While there should be no immunity for those who committed crimes and collaborated with IS, there is a great need for tolerance, the application of the rule of law, and respect for human rights.

One major problem in post-conflict Ramadi that is likely to hinder stabilisation is that of leadership and political participation. The population in Ramadi is traumatised, disorganised, and lacking in capable leadership.

A pressing priority will be the resolution of a lingering dispute over the leadership of the Anbar Provincial Council, which will play a pivotal role in both the reconstruction of the province and its policing.

Most of the tribes in Anbar are currently against the council, which is led by the Islamic Party, the Iraqi branch of the Muslim Brotherhood Organisation.

In the aftermath of the city’s liberation from IS, there is the need to settle the political disputes that fed into the dynamics of the violence that paved the way for the rise of IS.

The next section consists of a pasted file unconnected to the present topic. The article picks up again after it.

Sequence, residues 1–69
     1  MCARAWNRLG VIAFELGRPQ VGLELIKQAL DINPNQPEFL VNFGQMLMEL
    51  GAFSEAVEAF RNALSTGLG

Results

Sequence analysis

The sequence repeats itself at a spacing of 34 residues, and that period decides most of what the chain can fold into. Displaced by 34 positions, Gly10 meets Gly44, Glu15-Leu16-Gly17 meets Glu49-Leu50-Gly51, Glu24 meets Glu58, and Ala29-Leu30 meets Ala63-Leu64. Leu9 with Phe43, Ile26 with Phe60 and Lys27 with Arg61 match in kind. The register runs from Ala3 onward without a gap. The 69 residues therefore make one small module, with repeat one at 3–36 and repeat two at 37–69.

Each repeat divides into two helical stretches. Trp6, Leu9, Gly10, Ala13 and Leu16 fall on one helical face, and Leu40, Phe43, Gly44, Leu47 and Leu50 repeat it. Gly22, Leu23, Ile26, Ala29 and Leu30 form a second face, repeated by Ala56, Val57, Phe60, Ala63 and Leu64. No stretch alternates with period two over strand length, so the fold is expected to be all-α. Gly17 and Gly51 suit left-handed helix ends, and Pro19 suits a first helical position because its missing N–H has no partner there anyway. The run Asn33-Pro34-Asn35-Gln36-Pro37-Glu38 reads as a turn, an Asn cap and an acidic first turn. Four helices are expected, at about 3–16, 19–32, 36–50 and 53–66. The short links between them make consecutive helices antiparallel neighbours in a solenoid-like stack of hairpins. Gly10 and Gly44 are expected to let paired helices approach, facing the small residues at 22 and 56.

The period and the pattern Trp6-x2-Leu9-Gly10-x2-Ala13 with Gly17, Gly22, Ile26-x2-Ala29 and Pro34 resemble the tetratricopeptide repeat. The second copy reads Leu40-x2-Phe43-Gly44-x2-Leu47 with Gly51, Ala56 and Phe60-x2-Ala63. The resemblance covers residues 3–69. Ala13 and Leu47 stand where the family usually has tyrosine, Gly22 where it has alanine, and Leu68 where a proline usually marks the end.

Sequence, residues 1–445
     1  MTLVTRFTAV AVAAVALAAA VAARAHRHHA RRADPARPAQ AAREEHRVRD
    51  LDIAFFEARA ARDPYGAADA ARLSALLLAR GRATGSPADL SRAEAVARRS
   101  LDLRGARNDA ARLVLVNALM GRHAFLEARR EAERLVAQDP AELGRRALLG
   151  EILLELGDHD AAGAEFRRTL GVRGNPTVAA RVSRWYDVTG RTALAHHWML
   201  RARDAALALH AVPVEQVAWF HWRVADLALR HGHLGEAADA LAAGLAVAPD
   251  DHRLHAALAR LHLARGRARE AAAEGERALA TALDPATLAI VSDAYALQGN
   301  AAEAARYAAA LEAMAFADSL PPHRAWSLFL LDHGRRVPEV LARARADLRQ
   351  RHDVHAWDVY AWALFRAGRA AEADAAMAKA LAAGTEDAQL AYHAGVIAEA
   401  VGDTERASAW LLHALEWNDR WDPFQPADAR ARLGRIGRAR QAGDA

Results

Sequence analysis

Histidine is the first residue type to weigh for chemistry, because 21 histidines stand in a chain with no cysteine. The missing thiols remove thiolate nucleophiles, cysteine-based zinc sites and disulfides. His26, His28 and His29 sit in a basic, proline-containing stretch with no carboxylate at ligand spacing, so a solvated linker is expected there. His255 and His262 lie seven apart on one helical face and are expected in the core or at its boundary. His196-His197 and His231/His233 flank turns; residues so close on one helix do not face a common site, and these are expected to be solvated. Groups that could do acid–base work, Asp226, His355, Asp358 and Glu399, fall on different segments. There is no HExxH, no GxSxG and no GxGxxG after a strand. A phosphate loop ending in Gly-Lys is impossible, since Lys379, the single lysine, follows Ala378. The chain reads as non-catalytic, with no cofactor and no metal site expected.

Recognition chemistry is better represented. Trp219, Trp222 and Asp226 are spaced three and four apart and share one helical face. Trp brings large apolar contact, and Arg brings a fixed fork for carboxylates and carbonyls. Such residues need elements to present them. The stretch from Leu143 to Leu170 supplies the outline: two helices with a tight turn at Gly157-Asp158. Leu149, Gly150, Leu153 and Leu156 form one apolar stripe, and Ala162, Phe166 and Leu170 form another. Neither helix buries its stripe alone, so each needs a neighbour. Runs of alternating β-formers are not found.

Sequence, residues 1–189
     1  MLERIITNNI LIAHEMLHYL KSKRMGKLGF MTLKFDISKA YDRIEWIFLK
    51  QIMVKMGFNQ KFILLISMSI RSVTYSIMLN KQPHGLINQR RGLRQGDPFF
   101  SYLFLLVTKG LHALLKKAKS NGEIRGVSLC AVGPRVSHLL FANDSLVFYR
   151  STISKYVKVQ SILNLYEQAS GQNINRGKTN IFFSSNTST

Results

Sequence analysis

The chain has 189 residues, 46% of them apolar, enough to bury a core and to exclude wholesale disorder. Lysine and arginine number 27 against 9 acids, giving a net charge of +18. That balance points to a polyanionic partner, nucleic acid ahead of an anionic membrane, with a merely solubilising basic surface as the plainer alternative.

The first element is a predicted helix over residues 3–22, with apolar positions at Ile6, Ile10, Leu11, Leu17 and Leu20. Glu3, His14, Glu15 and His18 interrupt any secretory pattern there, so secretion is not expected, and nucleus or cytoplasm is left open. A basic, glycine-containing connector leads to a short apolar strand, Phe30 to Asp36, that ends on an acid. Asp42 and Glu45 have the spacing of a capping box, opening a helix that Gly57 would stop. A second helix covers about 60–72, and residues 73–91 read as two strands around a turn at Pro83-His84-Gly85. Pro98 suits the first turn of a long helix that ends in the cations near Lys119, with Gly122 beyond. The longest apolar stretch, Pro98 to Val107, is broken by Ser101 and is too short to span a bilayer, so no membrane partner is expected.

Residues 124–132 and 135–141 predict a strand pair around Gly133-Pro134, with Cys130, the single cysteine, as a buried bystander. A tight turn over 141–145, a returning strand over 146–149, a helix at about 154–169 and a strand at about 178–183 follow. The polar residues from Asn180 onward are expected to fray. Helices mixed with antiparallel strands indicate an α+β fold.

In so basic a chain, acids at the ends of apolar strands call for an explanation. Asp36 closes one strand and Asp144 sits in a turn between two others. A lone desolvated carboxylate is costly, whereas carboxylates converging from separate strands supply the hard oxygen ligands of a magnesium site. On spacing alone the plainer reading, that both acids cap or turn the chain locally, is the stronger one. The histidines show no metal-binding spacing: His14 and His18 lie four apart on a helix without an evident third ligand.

Without genuine political reconciliation, efforts to produce stability will be badly skewed, and political disputes over who should be charge of the province are storing up troubles ahead.

Moreover, the political future of the Sunni-dominated province within Iraq is expected to emerge as one of the main contentious issues soon after the dust of battle settles.

The controversies and disagreements that have dogged the national reconciliation process since it was first mooted continue to reverberate, casting doubt on its efficacy and with the key concern being whether the National Reconciliation Commission’s purview will be selective.